“He who is not courageous enough to take risks will accomplish nothing in life.”
- Muhammad Ali
Everyone encounters situations where courage is needed. I was courageous when I had to perform music with a small group of people for the first time. When I performed with a band on stage, I showed courage and persevered through the nervousness. Two other students and I played as a band at the Fenn talent show in the 7th grade. It was our first time performing on our own.
I felt the lights beating their heat down on me. My anxiety was in full throttle as I felt sweat roll down my neck. It was a sunny April morning and the excited students of The Fenn School filed into the performance hall. Each one of them was waiting enthusiastically for the talent show to begin. Students of all ages passionately showed off their expertise to the student body. My band and I had been practicing for this opportunity for weeks. The announcer called us to the stage with a loud and deep voice. All of a sudden I felt a shock of electric nervousness shoot through me. We were unsure how our performance would play out; nevertheless, we decided to go for it. I attempted to appear confident as I strode onto the stage. I glanced at the faces across the scattered sea of people. My hands and legs shook uncontrollably. I felt my heart beating rapidly. I slowly sat before the drum set. My band mates and I took one last gaze at each other before we started to play. As the drummer, I needed to count off the beats before we began.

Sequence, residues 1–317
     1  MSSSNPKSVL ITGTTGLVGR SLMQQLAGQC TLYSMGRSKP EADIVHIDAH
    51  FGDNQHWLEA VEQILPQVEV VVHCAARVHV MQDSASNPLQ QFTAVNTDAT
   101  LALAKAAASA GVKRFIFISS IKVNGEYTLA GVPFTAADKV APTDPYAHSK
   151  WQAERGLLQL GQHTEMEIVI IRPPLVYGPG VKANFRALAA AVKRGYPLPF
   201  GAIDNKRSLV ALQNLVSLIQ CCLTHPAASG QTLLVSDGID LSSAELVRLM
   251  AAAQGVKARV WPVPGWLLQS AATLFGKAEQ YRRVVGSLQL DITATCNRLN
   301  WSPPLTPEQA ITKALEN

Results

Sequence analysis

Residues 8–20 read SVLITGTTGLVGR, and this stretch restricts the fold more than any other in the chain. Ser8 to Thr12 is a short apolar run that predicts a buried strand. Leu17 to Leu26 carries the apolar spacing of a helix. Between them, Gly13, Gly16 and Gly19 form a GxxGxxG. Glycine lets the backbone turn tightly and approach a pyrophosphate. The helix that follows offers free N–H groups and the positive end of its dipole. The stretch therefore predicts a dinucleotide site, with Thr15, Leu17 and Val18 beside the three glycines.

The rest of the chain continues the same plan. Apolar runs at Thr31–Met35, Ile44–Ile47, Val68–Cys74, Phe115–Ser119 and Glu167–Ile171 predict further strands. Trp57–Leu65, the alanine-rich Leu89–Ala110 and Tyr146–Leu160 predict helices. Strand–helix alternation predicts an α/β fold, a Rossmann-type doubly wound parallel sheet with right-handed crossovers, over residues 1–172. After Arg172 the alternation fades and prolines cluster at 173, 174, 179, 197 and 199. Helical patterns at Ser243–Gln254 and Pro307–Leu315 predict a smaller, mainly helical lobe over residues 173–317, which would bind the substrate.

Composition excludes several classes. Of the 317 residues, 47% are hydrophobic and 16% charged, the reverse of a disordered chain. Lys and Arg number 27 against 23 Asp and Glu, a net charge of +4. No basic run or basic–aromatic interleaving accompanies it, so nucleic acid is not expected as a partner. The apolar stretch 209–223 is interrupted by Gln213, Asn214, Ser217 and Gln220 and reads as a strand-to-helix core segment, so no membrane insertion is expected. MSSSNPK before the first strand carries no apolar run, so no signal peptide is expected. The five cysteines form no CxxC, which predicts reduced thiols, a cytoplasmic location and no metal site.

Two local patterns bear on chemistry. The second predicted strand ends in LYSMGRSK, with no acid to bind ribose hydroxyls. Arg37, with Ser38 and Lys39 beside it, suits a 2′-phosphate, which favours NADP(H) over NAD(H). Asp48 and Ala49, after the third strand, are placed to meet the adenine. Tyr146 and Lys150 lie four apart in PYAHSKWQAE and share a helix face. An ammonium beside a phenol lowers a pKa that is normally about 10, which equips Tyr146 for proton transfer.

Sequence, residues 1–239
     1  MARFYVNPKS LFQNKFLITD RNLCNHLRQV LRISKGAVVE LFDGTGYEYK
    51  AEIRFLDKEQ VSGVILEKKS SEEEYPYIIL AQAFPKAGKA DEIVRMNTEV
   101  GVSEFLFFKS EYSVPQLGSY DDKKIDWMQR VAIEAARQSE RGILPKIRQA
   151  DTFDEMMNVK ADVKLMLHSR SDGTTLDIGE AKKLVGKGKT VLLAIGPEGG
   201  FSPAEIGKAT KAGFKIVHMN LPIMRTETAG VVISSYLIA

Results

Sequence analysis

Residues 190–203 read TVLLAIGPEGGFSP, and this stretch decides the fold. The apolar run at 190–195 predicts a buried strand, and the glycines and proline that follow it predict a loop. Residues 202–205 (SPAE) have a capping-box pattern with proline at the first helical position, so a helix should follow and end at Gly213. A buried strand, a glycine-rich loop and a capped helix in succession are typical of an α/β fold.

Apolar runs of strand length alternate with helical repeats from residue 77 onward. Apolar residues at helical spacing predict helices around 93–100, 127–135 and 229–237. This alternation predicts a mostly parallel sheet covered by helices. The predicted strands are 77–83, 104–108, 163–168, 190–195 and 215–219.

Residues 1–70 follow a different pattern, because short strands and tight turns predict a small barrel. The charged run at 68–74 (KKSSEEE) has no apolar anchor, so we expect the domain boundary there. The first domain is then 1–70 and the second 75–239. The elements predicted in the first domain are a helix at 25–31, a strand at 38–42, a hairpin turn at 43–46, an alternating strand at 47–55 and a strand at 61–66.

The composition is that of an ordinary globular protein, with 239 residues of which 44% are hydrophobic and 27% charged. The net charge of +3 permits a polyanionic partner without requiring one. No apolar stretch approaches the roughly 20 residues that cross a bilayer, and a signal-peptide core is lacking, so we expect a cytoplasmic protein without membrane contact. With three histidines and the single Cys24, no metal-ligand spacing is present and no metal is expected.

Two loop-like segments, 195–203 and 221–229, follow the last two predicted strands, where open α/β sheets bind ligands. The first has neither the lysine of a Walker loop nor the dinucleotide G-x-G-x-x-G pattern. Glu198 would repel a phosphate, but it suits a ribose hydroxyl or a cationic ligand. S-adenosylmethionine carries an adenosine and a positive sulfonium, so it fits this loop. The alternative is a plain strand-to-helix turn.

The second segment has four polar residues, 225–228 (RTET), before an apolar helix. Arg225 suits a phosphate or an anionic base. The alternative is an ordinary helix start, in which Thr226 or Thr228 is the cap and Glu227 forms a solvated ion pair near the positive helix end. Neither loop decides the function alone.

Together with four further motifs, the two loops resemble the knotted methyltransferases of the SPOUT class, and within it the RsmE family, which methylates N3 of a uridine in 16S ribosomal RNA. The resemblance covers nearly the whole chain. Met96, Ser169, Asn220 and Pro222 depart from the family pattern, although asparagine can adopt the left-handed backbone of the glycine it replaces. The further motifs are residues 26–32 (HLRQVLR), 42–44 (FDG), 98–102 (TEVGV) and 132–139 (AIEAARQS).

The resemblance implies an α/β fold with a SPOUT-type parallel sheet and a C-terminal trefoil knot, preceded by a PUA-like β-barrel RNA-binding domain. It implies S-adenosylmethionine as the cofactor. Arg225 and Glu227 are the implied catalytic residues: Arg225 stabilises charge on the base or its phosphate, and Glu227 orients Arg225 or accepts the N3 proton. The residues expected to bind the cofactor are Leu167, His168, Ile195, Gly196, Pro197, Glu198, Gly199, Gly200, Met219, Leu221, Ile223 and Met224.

“One, two, a one, two, three, four!” I shouted as we kick-off the number.
The audience, immediately impressed with our performance, started intently listening. I felt instantly more confident as we began to play. We executed each note as if it was our last. The other band members exhibited such enthusiasm around me that I finally relaxed and smiled to myself. The four of us blended together to create a lively, enjoyable sound. When I glanced out to the audience, I observed the cheerful students who clapped their hands and moved to our music. The jubilant energy in the room continued as we robustly struck our last note, which left the audience upbeat and cheerful.
I could not stop smiling. The performance brought me joy and pride that I had not expected when I first staggered onto the stage. That experience was my first time performing in front of hundreds of people without the supervision of a teacher or instructor of any kind. Ever since that performance, I have been more courageous about everything I do. Being courageous opens up new doors in life that you never thought existed.